How to completely disable your Mac’s FaceTime camera

“Some of the more privacy conscious Mac users out there might put tape over their webcam or use apps like Oversight to detect camera activity,” OSXDaily writes. “While either of those approaches can be satisfactory for many users (or considered totally paranoid and overboard to others), many advanced Mac users in the security community go a step further and just outright disable their Macs front-facing web camera. This article will show you how to completely deactivate the front FaceTime camera on a Mac.”

“To be clear, this aims to completely disable the software components behind the built-in camera on Macs which prevents it from being used by any application, this webcam is sometimes called the FaceTime camera or the iSight camera, or simply the front-facing camera,” OSXDaily writes. “All modern Macs have this camera, it is located at the top of the display and embedded into the screen bezel. By disabling the Macs camera, any application that requires it’s usage will no longer function as intended because camera access will become impossible.”

OSXDaily writes, “This is an advanced tutorial aimed at advanced users, it is not intended for novice or casual Mac users.”

Read more in the full article here.

MacDailyNews Take: For the camera, nothing is as foolproof and unhackable as physically covering it.

We’ve been taping our Mac cameras for several years. Call us paranoid, but first see the related articles below. That’s why we use camJAMR iSight camera covers on our iMacs and MacBook Airs. They’re black, so they work perfectly with our iMacs and they’re removable/reusable. We’ve stuck and unstuck them hundreds of times. We just leave them on and peel them aside when we want to use the iSight camera.

How to keep your Mac’s camera from spying on you, no tape required – December 8, 2016
Mark Zuckerberg covers his MacBook’s camera and microphone with tape – June 22, 2016
How to disable the iSight camera on your Mac – February 19, 2015
Orwellian: UK government, with aid from US NSA, intercepted webcam images from millions of users – February 27, 2014
Sextortion warning: It’s masking tape time for webcams – June 28, 2013
Research shows how Mac webcams can spy on their users without warning light – December 18, 2013
Ex-official: FBI can secretly activate an individual’s webcam without indicator light – December 9, 2013
Lower Merion report: MacBook webcams snapped 56,000 clandestine images of high schoolers – April 20, 2010


  1. Anything you do in software…can be undone in software.

    This is worse than useless, because it provides an utterly false sense of security.

    All a malicious hacker has to do is re-add the permissions.

    If they have the access to turn on your camera remotely, they have the access to re-add the permissions.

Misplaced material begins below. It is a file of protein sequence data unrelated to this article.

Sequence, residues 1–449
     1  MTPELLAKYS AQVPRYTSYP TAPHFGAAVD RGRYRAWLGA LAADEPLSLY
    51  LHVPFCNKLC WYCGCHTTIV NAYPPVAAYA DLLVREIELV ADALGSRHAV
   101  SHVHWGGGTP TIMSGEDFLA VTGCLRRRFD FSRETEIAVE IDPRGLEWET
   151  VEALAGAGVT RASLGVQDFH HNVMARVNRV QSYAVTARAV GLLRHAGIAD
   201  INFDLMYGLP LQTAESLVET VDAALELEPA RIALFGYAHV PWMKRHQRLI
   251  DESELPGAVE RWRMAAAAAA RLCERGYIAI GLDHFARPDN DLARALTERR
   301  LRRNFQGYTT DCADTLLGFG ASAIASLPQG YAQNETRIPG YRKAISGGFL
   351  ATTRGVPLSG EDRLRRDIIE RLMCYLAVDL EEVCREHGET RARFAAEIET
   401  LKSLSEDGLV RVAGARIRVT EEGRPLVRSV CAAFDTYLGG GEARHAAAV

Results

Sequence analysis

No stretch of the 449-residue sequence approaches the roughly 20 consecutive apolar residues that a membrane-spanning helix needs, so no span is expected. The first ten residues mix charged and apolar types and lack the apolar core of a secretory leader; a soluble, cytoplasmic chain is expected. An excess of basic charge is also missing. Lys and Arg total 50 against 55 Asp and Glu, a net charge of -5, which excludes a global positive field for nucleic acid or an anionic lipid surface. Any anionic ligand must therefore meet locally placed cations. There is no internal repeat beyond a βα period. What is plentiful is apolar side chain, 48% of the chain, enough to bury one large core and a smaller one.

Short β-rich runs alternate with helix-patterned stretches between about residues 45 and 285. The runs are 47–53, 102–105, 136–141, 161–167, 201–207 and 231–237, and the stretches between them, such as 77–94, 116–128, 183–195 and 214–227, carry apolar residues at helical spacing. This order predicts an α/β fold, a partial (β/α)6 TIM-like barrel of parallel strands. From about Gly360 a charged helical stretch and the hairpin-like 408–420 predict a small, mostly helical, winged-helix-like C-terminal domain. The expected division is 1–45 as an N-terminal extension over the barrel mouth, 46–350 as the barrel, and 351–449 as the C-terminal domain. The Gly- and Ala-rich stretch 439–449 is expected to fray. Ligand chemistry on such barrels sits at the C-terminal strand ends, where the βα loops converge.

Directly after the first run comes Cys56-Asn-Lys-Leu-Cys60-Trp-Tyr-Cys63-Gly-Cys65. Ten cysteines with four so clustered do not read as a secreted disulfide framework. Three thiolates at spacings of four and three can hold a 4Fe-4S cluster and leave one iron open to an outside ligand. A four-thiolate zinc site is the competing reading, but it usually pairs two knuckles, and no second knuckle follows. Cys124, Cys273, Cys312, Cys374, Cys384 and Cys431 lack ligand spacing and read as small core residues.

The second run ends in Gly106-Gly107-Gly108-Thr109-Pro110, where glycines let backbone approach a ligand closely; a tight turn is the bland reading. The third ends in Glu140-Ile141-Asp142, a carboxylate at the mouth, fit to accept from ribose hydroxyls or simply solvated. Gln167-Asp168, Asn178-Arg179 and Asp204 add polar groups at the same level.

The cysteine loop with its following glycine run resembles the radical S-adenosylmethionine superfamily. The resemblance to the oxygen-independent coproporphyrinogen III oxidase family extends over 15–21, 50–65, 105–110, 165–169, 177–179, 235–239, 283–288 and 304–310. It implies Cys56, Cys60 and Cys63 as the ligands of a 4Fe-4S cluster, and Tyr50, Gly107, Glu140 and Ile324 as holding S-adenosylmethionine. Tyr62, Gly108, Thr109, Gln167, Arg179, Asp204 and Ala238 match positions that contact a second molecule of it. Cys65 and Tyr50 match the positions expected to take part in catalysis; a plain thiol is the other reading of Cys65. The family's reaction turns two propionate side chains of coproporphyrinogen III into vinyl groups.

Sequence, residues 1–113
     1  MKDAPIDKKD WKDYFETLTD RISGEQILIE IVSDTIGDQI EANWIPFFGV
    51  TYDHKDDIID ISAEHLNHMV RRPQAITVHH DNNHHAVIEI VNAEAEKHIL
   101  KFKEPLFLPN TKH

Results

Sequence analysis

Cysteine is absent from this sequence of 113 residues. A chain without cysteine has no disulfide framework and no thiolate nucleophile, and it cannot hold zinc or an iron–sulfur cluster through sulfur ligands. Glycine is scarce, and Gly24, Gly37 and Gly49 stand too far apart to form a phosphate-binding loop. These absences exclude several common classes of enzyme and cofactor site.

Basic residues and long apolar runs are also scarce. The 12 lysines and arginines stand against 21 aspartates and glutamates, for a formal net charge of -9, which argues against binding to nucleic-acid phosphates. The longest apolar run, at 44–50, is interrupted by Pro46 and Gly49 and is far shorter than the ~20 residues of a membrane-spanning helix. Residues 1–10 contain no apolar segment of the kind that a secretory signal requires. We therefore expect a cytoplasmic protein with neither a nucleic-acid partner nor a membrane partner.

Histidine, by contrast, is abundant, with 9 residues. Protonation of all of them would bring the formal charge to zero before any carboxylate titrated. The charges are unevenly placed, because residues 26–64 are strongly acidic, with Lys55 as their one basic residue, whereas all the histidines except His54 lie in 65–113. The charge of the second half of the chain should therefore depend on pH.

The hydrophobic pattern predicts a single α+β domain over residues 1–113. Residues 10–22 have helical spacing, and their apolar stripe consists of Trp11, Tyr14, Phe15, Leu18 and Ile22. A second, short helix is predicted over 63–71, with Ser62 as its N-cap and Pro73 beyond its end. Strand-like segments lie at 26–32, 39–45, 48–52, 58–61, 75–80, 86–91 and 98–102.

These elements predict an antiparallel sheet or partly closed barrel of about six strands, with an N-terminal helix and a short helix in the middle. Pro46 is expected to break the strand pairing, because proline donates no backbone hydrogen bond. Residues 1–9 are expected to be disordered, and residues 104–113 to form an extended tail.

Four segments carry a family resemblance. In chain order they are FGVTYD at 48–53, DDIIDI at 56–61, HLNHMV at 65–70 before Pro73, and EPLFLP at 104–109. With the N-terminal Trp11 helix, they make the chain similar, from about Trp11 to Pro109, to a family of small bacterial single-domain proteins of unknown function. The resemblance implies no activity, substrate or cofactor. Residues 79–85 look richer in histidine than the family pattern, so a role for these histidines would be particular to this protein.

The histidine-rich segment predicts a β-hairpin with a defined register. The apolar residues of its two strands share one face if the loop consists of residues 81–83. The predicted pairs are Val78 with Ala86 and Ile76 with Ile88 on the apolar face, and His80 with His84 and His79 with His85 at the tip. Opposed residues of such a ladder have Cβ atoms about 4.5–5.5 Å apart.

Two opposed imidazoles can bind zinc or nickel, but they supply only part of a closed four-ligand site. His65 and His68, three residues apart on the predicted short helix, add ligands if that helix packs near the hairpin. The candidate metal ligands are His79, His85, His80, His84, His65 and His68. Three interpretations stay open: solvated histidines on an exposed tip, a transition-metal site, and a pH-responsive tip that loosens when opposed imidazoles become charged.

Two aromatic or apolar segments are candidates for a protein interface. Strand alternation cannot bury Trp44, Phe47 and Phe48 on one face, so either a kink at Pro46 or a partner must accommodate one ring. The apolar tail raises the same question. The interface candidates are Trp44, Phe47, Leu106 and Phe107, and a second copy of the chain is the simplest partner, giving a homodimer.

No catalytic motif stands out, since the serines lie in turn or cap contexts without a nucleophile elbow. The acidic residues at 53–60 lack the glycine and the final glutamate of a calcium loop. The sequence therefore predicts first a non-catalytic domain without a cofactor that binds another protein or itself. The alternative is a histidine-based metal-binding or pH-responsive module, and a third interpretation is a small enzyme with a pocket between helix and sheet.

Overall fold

2. I cover my camera. But the other day I got a FaceTime call from my dad. It was noting to remove the cover and have a great time with my dad.

    I wish there was an equally easy method to disable or muffle the microphone, and then turn it on, at will.

    1. System Preferences
      -turn the mic input down all the way

      Again, being this is done through software, if could be undone, but it’s better than nothing and easy to change if you need to use FaceTime.

      1. Then put foam tape over the microphone.
        And the camera.
        And the screen, keyboard, mouse, trackpad, desk, chair, office, building-block-of-iNsanity…..

        So, again, how to you disable the LED that is inline with the camera power??? Software?? Really??????????

        1984 is calling, and I would trade this stupidity for an evening of Bowie’s Floor Show in a (final) heartbeat!!

        1. I am sorry you think this is overblown concern. I can assure you via remote, A/V can be enabled and monitored. The microphone is independent from the camera and will not show a light. I can agree that bypassing the light is difficult if not impossible. Because of the general availability of multiple handheld devices and other voice activated/enabled items in the typical American home, it is even more likely that some units are less protected than others. I trust Apple tech – even more so I am a nothing person who has nothing remotely worth listening to. In that aspect I am not really concerned. However that doesn’t mean it’s not impossible or I just ignore the remote possibility.

          We have locks on our doors, that does not mean we believe we will be robbed, but we are just adding a layer of protection against the one chance that it could happen. So for my peace of mind, having some way to but a physical barrier between my tech and A/V-I/O, would be nice. Tape is one such example, but that doesn’t work for microphones.

  3. Well, my face is probably on some social media already. And that is all you see on my camera most the time. I am more worries about sound eavesdropping. But taping over the mic does nit help. Ideas?

  4. Buy a Mac Mini or Mac Pro (headless). Buy a monitor that does not have a built in camera or speakers. Buy yourself a USB webcam that you can physically unplug and eave the electrician’s tape in your toolkit.

    1. Yes indeed.

      Problem is, Apple refuses to make timely updates to its headless Macs. Someone at Apple thinks that all-in-one designs (iMac, laptops) are the only Macs we should have. That asswipe needs to be canned immediately. Pros need flexibility that overly integrated units cannot offer, at any price.

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